Pola Goldberg Oppenheimer

I have a unique interdisciplinary background with formal training in Chemical Engineering, Chemistry, Physics and Electrical Engineering.

I have been pioneering technologies at the forefront of microengineering and sophisticated nanofabrication, including the development of innovative Electrohydrodynamic lithography (EHL) for advanced functional devices. The importance of these developments has been recognized by my work being featured as frontispieces in leading journals including the Nature Biomedical Engineering, press-releases, BBC news, radio exposures and EPSRC and Royal Academy of Engineering Case Studies.

I received my PhD in Physics from the University of Cambridge, with the Springer Award for scientific excellence, in 2012. In 2013, I was appointed as a Research Fellow at the University of Birmingham in the School of Chemical Engineering and won the highly prestigious Royal Academy of Engineering Research Fellowship – the ‘leading scheme to recognise and reward the brightest and most talented engineers working in the UK’. In recognition to my discoveries and technological accomplishments I was promoted to Reader in Microengineering and Bionanotechnology, just 5 years after graduating with my PhD, recognising outstanding performance in delivering impact through a diverse range of activities and initiatives.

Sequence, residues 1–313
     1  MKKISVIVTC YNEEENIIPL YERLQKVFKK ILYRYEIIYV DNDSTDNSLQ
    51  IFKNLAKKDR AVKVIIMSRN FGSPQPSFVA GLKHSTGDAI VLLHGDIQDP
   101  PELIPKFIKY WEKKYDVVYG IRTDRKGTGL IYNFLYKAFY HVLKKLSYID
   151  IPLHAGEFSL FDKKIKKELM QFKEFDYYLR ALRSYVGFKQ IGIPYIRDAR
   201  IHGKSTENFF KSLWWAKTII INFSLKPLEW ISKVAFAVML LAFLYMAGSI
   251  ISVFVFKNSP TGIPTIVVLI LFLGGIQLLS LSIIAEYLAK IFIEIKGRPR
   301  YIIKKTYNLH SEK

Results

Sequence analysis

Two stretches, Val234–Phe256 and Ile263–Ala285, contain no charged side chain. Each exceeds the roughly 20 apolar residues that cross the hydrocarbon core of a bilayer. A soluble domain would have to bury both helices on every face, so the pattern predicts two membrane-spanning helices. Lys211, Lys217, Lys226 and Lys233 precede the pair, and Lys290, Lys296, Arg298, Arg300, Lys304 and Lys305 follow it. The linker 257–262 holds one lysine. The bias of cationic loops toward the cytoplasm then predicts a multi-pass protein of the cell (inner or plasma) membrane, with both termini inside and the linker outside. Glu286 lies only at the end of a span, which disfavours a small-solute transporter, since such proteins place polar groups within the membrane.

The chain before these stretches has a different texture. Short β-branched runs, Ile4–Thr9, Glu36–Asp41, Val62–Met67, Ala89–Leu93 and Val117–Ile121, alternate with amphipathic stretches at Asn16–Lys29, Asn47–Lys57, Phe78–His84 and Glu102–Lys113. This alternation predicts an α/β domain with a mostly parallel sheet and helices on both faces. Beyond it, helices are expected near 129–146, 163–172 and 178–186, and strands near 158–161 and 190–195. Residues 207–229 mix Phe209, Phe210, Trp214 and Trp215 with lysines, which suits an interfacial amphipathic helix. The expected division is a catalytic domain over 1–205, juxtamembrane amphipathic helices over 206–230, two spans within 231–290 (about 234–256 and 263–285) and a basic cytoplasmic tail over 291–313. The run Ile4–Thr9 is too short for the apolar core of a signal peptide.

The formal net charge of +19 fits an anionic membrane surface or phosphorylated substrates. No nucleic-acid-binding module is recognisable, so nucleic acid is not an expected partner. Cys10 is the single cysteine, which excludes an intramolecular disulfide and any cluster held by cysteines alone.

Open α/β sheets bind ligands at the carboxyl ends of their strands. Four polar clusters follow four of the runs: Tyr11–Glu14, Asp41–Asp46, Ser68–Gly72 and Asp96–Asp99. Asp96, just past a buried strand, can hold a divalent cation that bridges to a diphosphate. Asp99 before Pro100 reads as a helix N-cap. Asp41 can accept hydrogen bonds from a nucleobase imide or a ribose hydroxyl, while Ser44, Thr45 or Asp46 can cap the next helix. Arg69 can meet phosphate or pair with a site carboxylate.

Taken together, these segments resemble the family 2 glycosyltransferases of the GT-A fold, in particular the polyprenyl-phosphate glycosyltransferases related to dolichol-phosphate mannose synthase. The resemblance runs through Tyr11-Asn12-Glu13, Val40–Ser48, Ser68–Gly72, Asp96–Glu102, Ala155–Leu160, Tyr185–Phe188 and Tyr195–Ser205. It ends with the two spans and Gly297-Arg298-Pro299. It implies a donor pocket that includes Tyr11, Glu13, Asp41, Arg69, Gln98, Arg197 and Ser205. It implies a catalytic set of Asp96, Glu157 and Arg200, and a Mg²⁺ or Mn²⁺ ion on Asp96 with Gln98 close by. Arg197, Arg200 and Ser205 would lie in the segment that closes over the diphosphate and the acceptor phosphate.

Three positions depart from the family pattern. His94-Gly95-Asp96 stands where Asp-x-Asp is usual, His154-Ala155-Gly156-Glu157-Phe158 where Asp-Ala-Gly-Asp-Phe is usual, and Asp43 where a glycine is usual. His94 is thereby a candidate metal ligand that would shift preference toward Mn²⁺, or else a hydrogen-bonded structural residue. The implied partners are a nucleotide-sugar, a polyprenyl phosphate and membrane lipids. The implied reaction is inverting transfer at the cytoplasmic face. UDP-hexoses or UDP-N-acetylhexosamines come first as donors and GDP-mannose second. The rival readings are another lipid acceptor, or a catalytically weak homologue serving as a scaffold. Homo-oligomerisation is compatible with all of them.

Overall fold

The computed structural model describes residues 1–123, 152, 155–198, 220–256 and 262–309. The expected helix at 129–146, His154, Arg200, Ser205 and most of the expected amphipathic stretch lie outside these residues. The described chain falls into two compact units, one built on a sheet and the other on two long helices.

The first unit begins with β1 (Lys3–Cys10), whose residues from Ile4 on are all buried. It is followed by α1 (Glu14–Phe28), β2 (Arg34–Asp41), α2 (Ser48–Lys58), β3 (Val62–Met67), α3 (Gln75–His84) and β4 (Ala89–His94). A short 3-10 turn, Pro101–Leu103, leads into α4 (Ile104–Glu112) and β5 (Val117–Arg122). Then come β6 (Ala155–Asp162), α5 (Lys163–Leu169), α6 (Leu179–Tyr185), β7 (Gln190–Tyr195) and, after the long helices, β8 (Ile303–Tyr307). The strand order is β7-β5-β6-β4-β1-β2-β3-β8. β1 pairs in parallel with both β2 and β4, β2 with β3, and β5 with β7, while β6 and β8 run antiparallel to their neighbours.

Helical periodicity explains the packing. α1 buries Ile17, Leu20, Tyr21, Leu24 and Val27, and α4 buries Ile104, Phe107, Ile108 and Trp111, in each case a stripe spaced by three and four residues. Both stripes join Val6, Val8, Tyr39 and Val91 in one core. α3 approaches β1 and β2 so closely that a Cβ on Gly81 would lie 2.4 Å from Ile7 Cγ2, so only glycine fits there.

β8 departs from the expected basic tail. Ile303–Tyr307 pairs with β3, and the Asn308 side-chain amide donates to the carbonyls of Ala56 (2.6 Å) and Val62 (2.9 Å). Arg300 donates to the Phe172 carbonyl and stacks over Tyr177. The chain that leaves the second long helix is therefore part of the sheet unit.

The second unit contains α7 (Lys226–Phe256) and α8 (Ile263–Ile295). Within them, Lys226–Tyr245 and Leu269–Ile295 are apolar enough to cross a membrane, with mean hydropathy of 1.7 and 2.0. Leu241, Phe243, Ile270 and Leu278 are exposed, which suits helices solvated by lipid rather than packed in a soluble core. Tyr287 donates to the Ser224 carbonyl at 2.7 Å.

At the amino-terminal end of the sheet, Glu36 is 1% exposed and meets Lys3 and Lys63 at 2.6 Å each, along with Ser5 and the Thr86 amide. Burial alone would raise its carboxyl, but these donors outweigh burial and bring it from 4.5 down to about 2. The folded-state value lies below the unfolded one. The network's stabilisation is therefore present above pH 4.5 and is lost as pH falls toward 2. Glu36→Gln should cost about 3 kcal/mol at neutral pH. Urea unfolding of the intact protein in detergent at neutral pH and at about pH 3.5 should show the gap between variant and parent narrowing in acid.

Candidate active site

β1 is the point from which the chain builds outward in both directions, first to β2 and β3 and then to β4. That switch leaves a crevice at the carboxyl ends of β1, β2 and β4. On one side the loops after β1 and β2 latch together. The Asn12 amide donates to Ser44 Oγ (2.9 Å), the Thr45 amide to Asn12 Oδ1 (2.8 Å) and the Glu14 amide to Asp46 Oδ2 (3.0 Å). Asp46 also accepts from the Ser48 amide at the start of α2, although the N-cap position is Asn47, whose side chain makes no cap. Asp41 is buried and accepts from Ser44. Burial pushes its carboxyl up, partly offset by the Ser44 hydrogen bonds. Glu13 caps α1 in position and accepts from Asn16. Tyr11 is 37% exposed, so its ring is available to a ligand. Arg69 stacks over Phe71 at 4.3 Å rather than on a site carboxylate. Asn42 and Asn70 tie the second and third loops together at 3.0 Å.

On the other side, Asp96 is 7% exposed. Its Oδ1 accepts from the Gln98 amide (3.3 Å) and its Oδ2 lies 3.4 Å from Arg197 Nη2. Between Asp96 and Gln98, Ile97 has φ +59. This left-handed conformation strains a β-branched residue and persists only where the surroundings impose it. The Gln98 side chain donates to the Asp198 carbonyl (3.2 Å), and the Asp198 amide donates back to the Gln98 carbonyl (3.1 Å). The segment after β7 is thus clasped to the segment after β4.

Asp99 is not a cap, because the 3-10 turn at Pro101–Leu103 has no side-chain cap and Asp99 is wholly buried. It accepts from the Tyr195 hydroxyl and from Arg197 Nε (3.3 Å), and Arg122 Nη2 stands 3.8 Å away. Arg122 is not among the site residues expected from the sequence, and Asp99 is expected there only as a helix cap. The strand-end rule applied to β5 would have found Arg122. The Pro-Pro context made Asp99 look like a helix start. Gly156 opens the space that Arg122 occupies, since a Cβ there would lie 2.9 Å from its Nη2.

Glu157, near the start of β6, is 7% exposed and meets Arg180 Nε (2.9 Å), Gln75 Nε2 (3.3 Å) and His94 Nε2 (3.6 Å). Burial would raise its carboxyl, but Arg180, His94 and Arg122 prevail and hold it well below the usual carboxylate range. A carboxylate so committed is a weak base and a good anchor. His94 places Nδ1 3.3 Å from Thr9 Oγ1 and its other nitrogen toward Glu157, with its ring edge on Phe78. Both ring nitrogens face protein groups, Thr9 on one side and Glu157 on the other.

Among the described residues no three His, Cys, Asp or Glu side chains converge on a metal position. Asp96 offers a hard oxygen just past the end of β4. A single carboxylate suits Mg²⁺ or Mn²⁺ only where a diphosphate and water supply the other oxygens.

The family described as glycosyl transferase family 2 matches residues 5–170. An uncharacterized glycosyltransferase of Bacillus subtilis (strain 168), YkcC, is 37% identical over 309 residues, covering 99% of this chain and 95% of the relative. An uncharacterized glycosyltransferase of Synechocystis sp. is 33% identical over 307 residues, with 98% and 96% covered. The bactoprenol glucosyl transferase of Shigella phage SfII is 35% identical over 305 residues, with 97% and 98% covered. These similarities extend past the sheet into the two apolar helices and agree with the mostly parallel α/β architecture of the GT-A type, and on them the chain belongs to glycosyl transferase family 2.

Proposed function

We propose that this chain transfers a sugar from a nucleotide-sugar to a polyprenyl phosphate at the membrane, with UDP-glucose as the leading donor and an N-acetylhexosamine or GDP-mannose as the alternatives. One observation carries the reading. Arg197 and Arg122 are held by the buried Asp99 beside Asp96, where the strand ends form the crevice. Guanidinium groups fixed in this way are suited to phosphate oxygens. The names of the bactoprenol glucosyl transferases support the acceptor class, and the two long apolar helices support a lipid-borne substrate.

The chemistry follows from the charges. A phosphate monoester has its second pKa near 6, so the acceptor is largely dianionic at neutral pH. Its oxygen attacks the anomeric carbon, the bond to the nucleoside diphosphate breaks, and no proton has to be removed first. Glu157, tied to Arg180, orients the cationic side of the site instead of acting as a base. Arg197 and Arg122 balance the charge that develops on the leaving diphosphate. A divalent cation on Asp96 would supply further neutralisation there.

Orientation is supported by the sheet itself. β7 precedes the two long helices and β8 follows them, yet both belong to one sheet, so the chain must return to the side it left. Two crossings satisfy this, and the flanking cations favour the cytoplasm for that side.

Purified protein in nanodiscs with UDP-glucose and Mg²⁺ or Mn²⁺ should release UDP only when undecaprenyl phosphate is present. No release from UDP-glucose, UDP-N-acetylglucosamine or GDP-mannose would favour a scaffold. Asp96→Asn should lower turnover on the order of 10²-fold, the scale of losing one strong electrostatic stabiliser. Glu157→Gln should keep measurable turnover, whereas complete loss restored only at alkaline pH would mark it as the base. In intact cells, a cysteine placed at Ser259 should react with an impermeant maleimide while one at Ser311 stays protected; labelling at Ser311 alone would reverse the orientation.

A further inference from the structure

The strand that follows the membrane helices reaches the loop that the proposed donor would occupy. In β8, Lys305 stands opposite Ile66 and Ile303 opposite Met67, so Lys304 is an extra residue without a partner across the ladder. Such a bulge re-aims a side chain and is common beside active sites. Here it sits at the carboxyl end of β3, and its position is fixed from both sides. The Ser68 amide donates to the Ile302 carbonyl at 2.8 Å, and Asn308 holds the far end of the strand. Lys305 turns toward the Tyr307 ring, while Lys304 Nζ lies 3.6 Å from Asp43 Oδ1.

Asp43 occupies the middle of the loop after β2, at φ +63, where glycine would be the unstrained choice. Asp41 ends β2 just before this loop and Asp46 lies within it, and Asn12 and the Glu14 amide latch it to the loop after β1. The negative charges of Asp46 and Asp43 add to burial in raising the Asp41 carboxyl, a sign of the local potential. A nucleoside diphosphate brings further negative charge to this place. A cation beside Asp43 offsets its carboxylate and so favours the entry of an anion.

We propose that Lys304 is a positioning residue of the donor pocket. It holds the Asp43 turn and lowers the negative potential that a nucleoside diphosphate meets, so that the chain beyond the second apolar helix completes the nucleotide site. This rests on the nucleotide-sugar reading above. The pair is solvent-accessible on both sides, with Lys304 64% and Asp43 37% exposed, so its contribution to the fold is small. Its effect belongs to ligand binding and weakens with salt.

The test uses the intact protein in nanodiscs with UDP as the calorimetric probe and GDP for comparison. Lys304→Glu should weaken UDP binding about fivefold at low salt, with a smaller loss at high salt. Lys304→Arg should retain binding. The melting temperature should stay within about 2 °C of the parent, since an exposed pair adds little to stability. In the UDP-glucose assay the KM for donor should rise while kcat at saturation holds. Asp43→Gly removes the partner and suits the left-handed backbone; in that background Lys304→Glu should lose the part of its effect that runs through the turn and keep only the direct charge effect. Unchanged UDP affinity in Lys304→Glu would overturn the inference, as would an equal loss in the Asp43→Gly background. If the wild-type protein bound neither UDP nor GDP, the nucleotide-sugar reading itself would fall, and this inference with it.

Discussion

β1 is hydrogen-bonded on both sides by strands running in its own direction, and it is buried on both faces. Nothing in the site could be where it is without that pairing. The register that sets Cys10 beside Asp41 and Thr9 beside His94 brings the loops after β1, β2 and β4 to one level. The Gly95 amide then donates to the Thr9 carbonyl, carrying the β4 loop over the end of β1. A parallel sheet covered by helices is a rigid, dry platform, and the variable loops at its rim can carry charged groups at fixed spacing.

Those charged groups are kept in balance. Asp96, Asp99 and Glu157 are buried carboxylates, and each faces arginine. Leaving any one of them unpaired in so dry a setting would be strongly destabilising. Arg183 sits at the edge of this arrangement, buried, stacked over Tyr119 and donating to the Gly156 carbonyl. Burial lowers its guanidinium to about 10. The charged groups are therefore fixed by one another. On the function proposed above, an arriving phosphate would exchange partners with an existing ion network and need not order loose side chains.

I have published nearly seventy high-impact papers and book chapters, two books, filed three patents, attracted considerable funding from the Ministry of Defence, BAE-Systems, Procter & Gamble, Wellcome Trust and the Royal Society and, given over thirty invited and key-note lectures at leading academic institutions and international conferences. I have been a recipient of several prestigious awards and markers of esteem including, the Royal Academy of Engineering Fellowship (2016), Female Faces of Engineering (2014), Excellence in Leadership and Management, University of Cambridge (2014), the Carl-Zeiss Technology Award (2013) and Early Career Achievement Award (2017) in recognition of my technological innovation. In 2017, I was invited to the House of Commons Science & Technology Committee, in the ‘Voice of the Future’ session organised by Government Ministers of State for Science, Research and Innovation. In 2018, I was featured in the ‘Birmingham Heroes in Healthcare Technologies’ Campaign and in 2019, I became a member of the ‘Parliamentary Engineering Committee’ at the House of Lords.

Since the start of my independent academic career, I have made instrumental contributions in developing sophisticated platform technologies at the forefront of interdisciplinary science in applied nanotechnology and engineering. I initiated a new area of research in synergistic materials and devices for bio-nanotechnology and have discovered intelligent methods for micro and nano-structuring of surfaces via a novel lithographic route. These have resulted in development of new miniaturised devices, which are now being exploited in high performance electronic chips, accurate chemical and biological sensors and powerful diagnostic tools for medical research. The enhanced performance of the developed nanoplatforms expanded technological applications of these to light emission diodes, field effect transistors, advancing photovoltaic devices and portable biochemical sensing.